Teaching with Poverty and Equity in Mind
Teaching with Poverty and Equity in Mind: Succeed with the Students Who Need You Most
By Eric Jensen
(ASCD, 2022 – Learn more)
Reviewed by Anne Anderson
If you are teaching in a low-performing, high-poverty school, Teaching with Poverty and Equity in Mind is a must read. Eric Jensen’s latest book “fills in the gaps that are unique to teaching students from poverty and takes a fresh approach with equity in mind.” (p. 3)
Readers will not find cutesy ideas or ready-to-use lesson plans. Dr. Jensen puts teachers on notice on page 4:
“This book is about growing you. We will start with a bit of unlearning, clearing debris, and dispelling myths.” He then spells it out for readers in the next nine chapters: here’s why and here’s how.
Start with Yourself
The first chapter, “Start with Yourself,” focuses on recognizing and developing the equity mindset. “Equity refers to the mindset, policies, and approaches used to ensure that every student gets what they need to succeed.” (p. 17) In the chapters that follow, Jensen shares perspectives, tools, and action steps to move educators toward an equity framework of teaching. (FYI: Be sure to complete the T/F quiz on page 8.)
Chapter 2, “Conscious Connections,” begins with these two questions, most often unspoken, on students’ minds:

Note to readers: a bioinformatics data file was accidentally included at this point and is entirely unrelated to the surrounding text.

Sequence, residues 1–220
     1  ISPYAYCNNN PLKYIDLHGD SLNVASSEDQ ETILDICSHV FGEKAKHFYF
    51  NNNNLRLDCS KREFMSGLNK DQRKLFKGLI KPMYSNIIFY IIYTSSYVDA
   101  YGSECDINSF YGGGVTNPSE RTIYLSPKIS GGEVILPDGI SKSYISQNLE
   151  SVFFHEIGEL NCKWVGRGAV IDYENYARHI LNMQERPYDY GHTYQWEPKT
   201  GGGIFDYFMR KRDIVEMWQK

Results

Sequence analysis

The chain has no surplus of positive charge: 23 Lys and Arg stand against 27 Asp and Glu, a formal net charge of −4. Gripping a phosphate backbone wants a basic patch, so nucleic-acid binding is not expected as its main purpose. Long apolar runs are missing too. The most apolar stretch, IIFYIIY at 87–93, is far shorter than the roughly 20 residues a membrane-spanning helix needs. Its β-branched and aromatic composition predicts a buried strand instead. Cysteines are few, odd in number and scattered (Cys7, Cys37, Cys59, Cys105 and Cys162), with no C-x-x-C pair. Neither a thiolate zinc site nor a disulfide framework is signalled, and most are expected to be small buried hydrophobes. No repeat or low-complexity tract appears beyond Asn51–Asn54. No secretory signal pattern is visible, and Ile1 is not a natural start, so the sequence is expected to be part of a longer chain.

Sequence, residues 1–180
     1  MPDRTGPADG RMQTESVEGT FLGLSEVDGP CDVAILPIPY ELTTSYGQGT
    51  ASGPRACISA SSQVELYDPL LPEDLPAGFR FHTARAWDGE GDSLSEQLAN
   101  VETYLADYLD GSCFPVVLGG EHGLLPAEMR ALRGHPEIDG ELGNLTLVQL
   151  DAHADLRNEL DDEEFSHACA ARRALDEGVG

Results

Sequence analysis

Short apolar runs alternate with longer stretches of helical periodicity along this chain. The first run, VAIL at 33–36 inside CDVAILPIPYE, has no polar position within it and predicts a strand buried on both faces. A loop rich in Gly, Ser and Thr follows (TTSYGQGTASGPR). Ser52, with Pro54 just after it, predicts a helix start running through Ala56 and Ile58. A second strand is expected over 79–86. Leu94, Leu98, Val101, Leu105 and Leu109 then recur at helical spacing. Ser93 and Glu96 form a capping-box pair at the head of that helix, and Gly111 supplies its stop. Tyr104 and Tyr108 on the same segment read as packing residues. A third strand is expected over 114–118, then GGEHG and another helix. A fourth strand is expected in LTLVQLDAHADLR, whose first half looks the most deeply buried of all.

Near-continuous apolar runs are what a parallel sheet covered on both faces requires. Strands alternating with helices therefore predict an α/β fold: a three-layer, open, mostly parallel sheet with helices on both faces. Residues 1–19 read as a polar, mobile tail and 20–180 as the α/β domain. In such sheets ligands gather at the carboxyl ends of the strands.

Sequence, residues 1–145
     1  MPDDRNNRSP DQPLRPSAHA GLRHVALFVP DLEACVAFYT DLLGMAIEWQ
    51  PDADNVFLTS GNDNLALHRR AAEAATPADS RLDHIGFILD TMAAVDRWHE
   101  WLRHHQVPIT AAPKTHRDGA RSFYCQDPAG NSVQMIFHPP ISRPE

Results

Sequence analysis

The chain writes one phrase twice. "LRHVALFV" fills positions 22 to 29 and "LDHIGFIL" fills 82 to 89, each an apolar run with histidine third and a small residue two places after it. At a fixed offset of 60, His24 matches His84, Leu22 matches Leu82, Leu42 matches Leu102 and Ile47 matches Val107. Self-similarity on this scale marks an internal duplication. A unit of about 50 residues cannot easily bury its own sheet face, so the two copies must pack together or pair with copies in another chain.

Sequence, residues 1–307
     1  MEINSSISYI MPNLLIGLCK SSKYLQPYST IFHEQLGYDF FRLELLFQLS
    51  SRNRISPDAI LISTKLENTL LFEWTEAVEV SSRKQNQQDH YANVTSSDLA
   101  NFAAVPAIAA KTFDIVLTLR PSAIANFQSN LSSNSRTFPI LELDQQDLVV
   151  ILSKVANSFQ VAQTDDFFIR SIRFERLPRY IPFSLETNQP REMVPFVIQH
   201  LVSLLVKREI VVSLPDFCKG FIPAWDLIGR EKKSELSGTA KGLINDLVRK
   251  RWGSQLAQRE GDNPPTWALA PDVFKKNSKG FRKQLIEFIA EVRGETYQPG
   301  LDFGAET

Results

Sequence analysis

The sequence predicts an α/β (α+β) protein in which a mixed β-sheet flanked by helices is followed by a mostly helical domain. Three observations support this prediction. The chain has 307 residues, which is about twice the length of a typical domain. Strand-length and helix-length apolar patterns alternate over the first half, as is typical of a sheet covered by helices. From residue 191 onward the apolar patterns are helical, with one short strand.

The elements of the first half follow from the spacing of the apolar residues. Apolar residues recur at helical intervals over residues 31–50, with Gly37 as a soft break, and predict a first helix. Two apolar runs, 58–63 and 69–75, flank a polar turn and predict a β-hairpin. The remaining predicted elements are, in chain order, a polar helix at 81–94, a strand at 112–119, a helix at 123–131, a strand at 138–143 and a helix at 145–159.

►“Is my teacher an ally or an adversary?”
►“Does my teacher see, hear, and respect me with empathy and show that they care about how I am doing?”
As part of his storytelling, Jensen shares what one teacher did to demonstrate that she is an ally, not an adversary. “This high-equity teacher does whatever it takes.” (p. 27) (FYI: Don’t skip the Debrief Time activity.)
Readers are reminded of this important mindset: “Your students need to develop a relationship with at least one primary caregiver for normal social and emotional development.” (p.28) Dr. Jensen suggests engaging relationships on three levels:
Level 1: Be Courteous and Curious
Level 2: Support Students with Empathy
Level 3: Be a Deep Ally
With each level he provides specific – and achievable – actions that work.
Within Chapter 2, the author challenges readers to examine the impact of their relationships with students and their bias mindset. (FYI: Complete the de-bias activity in Appendix C.)
Raise the Roof
Jensen reminds us in Chapter 3, “Raise the Roof,” to bring our A-game to class and make sure “students know that nobody’s going to fail on your watch.” (p.48) Throughout the book he uses current data to support the five actions shown in Figure 3.1 (p. 49). Once again, he offers specific, achievable steps to take.
Get ready! This book can propel an individual teacher or a team forward in creating an equitable environment. “To reach students living in poverty, make your class an inclusive in-group where all students feel safe and included.” (p. 83)
Chapter 5, “Rousing Relevance,” is filled with tools to end compliance behaviors. It opens with these student questions: